Seed germinates quickest when the soil conditions are warm and moist. This usually means (April-June) either mid-spring to early summer or (September) late summer. If protection can be provided in the form of cloches or fleece, for example, then sowing is started in early spring. Regular watering will also make it possible to many raise rows of seedlings during the height of summer. However, Always refer to seed packet instructions for best sowing times, as it does vary with each plant type.
How to sow seeds
Sowing seed is actually very simple – even plants can scatter seeds, they grow where they land as soon as it gets moist and warm. However, this is how us humans should sow:
Beds should be dug in advance to a depth of one spade, doing this in advance allows time for the soil to settle. New beds can benefit from being double dug (two spades depth) but digging to a single spades depth is usually fine.
Freshly dug beds should be covered with a double layer of fleece or plastic sheeting to suppress any weeds, as well as in early spring to aid warming the soil.
Uncover the bed when you are ready to sow the seed. Create a crumble like texture with a rake to with levelling out the site. Then simply pick up any remaining debris and weeds.
You can create a straight drill (shallow depression) in the soil by lightly pushing a cane into the ground; The required depth & spacing of which should be specified on the seed packets instructions.
Watering the row before sowing is usually better than watering over sown seeds.
Lightly scatter seeds into the bottom of the drill. Don’t be over-enthusiastic, a fingers width apart often is right for small seed, but required spacings can also be found on seed packets.
Gently fill the drills back in using a rake.
Don’t forget! Place labels at the end of the row, so you know what and where you have planted.
Cover the area with a single layer of fleece.
Remember to water on dry days.
Under certain soil conditions, a cap of hard compacted earth can be formed during heavy rains, this then dries into a crust through which seeds may find impossible to emerge. Using a Peat free multipurpose compost to cover seeds can help prevent this issue.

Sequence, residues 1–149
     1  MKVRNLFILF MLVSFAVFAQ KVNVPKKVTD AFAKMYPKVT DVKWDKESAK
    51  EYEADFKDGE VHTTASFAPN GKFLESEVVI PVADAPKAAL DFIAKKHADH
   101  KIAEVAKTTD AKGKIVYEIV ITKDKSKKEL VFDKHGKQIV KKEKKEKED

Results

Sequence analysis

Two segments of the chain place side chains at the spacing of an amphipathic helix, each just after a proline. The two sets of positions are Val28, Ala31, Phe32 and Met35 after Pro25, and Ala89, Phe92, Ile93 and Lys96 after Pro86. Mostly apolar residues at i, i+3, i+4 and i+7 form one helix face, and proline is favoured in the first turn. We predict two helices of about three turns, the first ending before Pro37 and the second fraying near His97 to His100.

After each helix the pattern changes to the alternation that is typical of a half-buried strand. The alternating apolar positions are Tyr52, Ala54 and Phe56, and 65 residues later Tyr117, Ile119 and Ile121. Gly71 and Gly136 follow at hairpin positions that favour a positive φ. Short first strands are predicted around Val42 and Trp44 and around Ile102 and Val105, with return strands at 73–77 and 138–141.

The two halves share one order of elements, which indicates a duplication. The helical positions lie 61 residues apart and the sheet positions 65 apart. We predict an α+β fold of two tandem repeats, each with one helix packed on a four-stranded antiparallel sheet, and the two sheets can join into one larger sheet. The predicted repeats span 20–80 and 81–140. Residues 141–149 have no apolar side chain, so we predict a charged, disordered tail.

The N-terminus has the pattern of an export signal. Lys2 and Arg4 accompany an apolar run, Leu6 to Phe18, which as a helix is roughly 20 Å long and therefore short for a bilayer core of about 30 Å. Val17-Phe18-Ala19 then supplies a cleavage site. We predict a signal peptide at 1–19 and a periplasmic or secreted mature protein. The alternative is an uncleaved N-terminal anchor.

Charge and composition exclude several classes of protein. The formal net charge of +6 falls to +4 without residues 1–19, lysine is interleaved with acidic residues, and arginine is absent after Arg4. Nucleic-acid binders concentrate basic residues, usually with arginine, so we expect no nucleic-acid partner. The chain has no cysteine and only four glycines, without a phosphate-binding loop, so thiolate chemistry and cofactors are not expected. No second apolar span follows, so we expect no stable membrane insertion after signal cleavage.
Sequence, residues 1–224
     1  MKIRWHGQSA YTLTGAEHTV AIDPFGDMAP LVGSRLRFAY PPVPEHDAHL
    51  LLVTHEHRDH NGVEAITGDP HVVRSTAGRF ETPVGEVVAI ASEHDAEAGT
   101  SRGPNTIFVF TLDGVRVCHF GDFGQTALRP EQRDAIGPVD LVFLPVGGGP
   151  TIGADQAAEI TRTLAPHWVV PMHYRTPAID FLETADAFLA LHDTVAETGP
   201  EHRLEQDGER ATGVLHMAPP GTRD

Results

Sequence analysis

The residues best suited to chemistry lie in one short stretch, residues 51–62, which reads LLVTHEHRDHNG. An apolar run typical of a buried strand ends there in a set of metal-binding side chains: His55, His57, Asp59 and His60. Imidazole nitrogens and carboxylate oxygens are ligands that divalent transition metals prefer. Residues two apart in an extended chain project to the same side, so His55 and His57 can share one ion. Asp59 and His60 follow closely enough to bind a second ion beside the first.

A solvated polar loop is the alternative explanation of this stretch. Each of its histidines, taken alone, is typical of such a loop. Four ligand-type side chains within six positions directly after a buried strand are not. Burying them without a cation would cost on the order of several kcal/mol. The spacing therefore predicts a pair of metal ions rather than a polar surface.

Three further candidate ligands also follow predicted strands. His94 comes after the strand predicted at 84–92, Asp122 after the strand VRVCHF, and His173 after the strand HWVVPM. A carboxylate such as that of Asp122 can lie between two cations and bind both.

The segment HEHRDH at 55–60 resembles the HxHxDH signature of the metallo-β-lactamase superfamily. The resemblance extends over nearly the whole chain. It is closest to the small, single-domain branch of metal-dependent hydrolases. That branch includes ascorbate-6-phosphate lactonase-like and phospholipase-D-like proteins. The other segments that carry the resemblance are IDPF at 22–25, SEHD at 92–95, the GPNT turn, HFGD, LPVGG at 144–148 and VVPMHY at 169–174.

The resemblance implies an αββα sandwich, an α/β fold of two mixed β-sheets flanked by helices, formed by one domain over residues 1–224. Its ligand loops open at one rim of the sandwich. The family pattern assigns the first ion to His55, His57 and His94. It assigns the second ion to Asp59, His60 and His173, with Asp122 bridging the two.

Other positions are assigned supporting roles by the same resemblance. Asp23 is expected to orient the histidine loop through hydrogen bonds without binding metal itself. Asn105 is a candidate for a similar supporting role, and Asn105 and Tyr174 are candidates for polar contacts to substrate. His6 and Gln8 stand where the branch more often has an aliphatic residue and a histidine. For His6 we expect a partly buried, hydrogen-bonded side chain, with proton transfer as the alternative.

Other problems include:
Pigeons and other birds can be a pest where seeds are not covered with fleece
Occasionally, seedlings can fail to emerge, or keel over soon after emergence in wet weather. This is known as damping off
Likewise, slugs and snails eating young seedlings can be a problem
Thank you for taking the time to read my blog. I hope the above advice helps with your gardening this month. Stay tuned for more monthly gardening posts by subscribing to my free email mailing list below
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Thank you for taking the time to read my blog. Please feel free to leave your feedback below, especially if you had a go at making these. Subscribe to my mailing list to be alerted as soon as I release new posts.
Keeping an organised home makes life so much easier! There are many great organising products out there, many of which carry a hefty price tag. Thankfully, I’ve created a list of the best budget home organising products from Amazon.
You don’t need to break the bank to declutter and organise your home, check out these budget friendly organisation products and let me know your thoughts!
Double the hanging space of your closet in an instant with this adjustable hanging closet rod. No tools or permanent installation required, simply adjust the hanging height to your preference and hook it to your existing closet bar. Notches in the vertical bars make it simple to get a level hanging surface.
These large capacity storage boxes are compatible with the depth of standard wardrobes, giving you a neat and beautiful look, these boxes also feature a transparent label pocket on the front for easy identification.
The great thing about these hangers is that they’re compatible with all kinds of clothes, including Jeans, Pants, Trousers, Ties and Scarfs. These simple yet strong hangers can easily double the size of any closet space.
These Airtight Food Storage Containers with 8 Labels, Spoon Set & Pen by Chef’s Path.